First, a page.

LONDON: Facebook has blocked a cyberespionage campaign by Iranian hackers who sought to implant surveillance software into the devices of US, British and European military personnel.
The social network said a group of Iranian hackers known as Tortoiseshell created fake personas such as defense employees and recruiters in order to trick genuine members of the military and defense industries into following malicious links.
If those links were followed, surveillance software would have been planted into their device, potentially revealing confidential information about the military.
The campaign, which has been running since 2020, targeted around 200 people in the military, defense and aerospace industries, Facebook said, adding that it was “primarily in the US, and to a lesser extent in the UK and Europe.”
The social media giant said part of the malware deployed by the hackers was developed by Mahak Rayan Afraz, an IT company in Tehran “with ties to the Islamic Revolutionary Guard Corps.”
Mike Dvilyanski, Facebook’s head of cyberespionage investigations, told the Financial Times: “Just the level of investment into the reconnaissance and social engineering phases has all the hallmarks of well-resourced and persistent behaviour that we’ve come to expect from more sophisticated advanced persistent threat actors that we track.”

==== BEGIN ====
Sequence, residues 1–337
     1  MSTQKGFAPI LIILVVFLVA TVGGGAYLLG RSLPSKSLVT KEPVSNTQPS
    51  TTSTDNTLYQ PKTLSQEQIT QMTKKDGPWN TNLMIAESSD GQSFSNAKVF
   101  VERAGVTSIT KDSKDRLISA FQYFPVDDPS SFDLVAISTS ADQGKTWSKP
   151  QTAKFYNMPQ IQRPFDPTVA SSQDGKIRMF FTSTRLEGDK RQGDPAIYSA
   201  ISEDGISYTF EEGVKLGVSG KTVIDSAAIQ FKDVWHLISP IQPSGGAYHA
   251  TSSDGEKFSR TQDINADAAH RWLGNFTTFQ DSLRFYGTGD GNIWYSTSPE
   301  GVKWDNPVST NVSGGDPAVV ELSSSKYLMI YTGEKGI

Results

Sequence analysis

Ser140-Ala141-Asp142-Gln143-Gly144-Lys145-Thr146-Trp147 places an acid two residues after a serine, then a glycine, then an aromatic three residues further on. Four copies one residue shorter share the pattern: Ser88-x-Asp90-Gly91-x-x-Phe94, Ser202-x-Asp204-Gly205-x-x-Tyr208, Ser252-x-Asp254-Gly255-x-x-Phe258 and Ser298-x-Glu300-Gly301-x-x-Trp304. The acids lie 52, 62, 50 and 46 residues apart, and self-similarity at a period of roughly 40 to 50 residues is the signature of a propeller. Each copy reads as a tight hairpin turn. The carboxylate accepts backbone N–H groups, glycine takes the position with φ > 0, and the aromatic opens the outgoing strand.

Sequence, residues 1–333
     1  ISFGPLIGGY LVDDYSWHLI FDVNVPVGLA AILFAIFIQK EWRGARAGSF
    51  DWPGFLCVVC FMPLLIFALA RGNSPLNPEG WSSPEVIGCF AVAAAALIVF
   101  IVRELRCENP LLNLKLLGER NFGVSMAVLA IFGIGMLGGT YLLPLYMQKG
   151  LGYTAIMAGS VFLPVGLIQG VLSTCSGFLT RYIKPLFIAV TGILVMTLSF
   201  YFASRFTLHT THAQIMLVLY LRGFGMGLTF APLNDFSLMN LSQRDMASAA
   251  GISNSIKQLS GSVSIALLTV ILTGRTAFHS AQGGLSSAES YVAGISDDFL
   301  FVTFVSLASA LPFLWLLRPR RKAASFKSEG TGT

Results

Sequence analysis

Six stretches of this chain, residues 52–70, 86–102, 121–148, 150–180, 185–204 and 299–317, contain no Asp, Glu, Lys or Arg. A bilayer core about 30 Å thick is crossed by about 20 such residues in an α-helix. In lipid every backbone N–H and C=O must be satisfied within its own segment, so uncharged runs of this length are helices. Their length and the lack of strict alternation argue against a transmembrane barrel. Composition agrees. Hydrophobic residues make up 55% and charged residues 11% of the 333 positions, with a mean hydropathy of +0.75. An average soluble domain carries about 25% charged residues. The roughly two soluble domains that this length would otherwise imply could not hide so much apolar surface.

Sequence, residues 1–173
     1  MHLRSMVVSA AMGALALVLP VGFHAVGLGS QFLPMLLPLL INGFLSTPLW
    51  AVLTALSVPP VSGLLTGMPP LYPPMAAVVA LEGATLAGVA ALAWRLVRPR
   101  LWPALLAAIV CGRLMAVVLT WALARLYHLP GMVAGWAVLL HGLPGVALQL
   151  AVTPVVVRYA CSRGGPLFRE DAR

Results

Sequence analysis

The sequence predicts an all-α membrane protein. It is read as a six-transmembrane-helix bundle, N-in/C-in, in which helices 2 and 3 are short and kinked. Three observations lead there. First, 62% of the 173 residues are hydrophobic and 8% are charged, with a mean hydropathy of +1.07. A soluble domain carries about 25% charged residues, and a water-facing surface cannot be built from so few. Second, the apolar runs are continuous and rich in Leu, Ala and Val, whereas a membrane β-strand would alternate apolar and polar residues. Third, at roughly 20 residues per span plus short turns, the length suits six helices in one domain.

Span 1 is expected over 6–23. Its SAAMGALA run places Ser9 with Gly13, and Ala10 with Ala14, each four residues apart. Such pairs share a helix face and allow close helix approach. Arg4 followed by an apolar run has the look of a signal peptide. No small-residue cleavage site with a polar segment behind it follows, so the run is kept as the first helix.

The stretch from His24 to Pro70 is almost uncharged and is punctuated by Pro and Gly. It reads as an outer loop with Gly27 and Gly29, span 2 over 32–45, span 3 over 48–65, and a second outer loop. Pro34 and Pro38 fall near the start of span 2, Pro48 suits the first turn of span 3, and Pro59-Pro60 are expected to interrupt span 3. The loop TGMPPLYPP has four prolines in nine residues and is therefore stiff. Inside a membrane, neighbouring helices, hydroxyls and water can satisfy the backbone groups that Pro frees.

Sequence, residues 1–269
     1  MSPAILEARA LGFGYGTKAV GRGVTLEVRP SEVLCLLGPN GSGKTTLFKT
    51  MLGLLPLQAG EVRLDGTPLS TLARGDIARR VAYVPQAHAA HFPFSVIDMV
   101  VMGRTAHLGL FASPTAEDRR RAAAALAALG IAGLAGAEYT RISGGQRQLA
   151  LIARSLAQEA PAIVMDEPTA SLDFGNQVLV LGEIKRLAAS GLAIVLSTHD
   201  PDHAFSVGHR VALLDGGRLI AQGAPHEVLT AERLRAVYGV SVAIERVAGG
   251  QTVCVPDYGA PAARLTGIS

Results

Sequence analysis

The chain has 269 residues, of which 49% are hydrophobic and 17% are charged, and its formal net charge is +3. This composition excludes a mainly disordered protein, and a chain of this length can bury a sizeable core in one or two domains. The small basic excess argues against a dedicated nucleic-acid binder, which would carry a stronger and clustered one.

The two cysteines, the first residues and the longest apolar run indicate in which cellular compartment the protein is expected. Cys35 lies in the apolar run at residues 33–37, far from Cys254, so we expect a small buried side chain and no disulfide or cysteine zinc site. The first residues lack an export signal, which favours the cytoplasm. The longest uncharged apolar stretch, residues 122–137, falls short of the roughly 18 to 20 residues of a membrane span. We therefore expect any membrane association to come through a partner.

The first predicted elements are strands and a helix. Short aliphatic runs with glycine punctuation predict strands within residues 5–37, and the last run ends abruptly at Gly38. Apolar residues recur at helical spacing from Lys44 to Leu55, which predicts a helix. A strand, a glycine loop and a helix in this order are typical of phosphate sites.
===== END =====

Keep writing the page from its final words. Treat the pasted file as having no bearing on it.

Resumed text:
Earlier this week, it was revealed that Iranian operatives were impersonating academics from London’s School of Oriental and African Studies in an attempt to reach Middle East experts and Iranian dissidents.
Amin Sabeti, executive director of the Digital Impact Lab, told Arab News that these kinds of campaigns are familiar territory for hackers working on behalf of Tehran. “It’s the same pattern that Iranian state-backed hackers have been following for years,” he said.
Iran’s social engineering techniques — which involve manipulation in order to obtain sensitive information, rather than direct hacking of accounts — take time to build the trust of their targets, but require considerably fewer resources than other cyberespionage methods, he added.
“It’s easy, cheap, there’s plausible deniability and it works, it’s effective,” he said, adding that it is difficult to establish a direct link between hacking networks and Tehran, but if they operate from Iran “they have the consent of the regime.”
Sabeti said: “If you’re a cybercriminal you’re after money, not intelligence. If you’re after intelligence, documents and those kinds of things, then you’re part of the intelligence agency. This is one of the ways you can establish whether they’re a state-backed hacker or not.”
Many of the fake profiles used on Facebook had their personas cultivated across various social media platforms.
LinkedIn said it had “restricted the accounts responsible” on its platform and was monitoring the situation, while Twitter said it was “actively investigating” the matter.
Microsoft and Google also responded, with the latter saying it had now added the malicious domains used by Iran’s agents to its “blocklist.”